International Migration of Couples

Martin Junge, Martin D. Munk, Till Nikolka, Panu Poutvaara

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Resumé

We analyze emigration and return decisions of Danish couples. Our main questions are how emigration and return migration decisions depend on education, earnings, and the number and age of children. We use register data on full population from 1982 to 2006, focusing on opposite-gender couples in which the female is aged 23 to 37, and the male 25 to 39. We find that power couples in which both are highly educated are most likely to emigrate, but also most likely to return. Couples in which only the male is highly educated are more than twice as likely to emigrate as if only the female is highly edu-cated. Couples in which neither partner is highly educated are least likely to emigrate, but also have lowest return migration rates. This suggests that migration as brain circu-lation is most pronounced among the highly-educated. The probability of emigration is increasing in male earnings, but does not depend much on female earnings. Having children reduces the likelihood of emigration and the more so the older children are. Surprisingly, the return rates do not depend much on the number of children. Overall, our findings suggest that family migration patterns are still surprisingly traditional, re-sponding more to the male's job opportunities and education.
OriginalsprogEngelsk
Tidsskriftxxxx
Antal sider37
StatusUnder udarbejdelse - 2019

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International migration
Income
Self-selection
Labour market
Family ties
Destination
Dual-earner couples
Administrative data
Denmark
Intuition
Migrants
Public finance

Citer dette

Junge, M., Munk, M. D., Nikolka, T., & Poutvaara, P. (2019). International Migration of Couples. Manuskript under forberedelse.
Junge, Martin ; Munk, Martin D. ; Nikolka, Till ; Poutvaara, Panu. / International Migration of Couples. I: xxxx. 2019.
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title = "International Migration of Couples",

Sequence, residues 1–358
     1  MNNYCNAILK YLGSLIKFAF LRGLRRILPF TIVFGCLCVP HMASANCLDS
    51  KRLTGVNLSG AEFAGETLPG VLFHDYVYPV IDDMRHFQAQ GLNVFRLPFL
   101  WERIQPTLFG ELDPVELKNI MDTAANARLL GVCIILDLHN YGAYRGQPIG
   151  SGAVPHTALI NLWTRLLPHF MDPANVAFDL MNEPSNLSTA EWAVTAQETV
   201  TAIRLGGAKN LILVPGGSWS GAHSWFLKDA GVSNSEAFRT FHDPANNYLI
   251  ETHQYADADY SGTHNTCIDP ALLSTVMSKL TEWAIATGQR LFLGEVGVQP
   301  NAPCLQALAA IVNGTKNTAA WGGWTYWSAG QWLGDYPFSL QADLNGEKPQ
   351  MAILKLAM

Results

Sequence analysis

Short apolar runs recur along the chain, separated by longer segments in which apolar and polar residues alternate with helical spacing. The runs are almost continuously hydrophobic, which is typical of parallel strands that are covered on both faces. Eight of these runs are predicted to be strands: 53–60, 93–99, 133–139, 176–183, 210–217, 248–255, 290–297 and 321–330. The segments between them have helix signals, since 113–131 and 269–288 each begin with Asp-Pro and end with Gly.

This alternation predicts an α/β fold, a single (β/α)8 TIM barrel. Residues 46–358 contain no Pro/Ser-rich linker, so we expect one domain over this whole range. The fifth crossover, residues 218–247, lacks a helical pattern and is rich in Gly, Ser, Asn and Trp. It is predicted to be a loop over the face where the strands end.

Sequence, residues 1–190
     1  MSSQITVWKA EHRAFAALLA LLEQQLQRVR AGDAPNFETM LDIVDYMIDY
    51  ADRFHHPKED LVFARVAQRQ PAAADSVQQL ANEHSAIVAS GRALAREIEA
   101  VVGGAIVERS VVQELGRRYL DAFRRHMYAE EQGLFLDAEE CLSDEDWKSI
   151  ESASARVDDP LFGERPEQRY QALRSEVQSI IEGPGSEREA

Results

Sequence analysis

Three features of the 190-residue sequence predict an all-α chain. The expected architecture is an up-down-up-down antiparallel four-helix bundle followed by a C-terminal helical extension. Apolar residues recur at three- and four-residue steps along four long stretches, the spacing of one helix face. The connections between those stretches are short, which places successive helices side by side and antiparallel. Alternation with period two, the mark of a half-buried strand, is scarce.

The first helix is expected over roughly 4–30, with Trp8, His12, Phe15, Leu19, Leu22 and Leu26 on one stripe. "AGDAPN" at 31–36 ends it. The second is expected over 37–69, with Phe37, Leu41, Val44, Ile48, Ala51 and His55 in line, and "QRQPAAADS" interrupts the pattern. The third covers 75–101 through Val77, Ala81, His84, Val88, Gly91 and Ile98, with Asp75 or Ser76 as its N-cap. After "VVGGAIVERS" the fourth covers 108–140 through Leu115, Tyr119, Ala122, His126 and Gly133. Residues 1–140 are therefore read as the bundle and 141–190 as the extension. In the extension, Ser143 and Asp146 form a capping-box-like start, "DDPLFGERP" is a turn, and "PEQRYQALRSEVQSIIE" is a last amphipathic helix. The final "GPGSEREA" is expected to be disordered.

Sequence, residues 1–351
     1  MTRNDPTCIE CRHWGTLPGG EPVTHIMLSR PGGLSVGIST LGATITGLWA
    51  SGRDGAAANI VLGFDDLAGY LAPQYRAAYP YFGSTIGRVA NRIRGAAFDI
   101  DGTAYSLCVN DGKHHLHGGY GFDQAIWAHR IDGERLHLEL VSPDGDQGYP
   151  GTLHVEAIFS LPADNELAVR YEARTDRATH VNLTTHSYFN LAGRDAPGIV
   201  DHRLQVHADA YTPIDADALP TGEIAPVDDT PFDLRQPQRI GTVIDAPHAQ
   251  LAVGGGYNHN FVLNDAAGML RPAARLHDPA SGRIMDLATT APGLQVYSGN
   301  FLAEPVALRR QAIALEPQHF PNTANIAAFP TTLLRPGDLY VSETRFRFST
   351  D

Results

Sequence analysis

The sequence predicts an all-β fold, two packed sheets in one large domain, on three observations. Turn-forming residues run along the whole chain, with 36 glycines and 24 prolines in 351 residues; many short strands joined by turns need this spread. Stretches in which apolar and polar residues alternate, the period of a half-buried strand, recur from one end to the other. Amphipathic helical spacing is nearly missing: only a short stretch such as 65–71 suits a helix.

abstract = "Migrant self-selection is important to labor markets and public finances in both origin and destination countries. We develop a theoretical model regarding the migration of dual-earner couples and test it using population-wide administrative data from Denmark. Our model predicts that the probability that a couple emigrates increases with the primary earner’s income, whereas the secondary earner’s income may drive the decision in either direction. The results are consistent with our model. We find that primary earners in couples are more strongly self-selected with respect to income than singles. This novel result counters the intuition that family ties weaken self-selection.",
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Junge, M, Munk, MD, Nikolka, T & Poutvaara, P 2019, 'International Migration of Couples' xxxx.

International Migration of Couples. / Junge, Martin; Munk, Martin D.; Nikolka, Till; Poutvaara, Panu.

I: xxxx, 2019.

Publikation: Bidrag til tidsskriftTidsskriftartikelForskningpeer review

TY - JOUR

T1 - International Migration of Couples

AU - Junge, Martin

AU - Munk, Martin D.

AU - Nikolka, Till

AU - Poutvaara, Panu

PY - 2019

Y1 - 2019

N2 - Migrant self-selection is important to labor markets and public finances in both origin and destination countries. We develop a theoretical model regarding the migration of dual-earner couples and test it using population-wide administrative data from Denmark. Our model predicts that the probability that a couple emigrates increases with the primary earner’s income, whereas the secondary earner’s income may drive the decision in either direction. The results are consistent with our model. We find that primary earners in couples are more strongly self-selected with respect to income than singles. This novel result counters the intuition that family ties weaken self-selection.

AB - Migrant self-selection is important to labor markets and public finances in both origin and destination countries. We develop a theoretical model regarding the migration of dual-earner couples and test it using population-wide administrative data from Denmark. Our model predicts that the probability that a couple emigrates increases with the primary earner’s income, whereas the secondary earner’s income may drive the decision in either direction. The results are consistent with our model. We find that primary earners in couples are more strongly self-selected with respect to income than singles. This novel result counters the intuition that family ties weaken self-selection.

M3 - Journal article

JO - xxxx

JF - xxxx

ER -

Junge M, Munk MD, Nikolka T, Poutvaara P. International Migration of Couples. xxxx. 2019.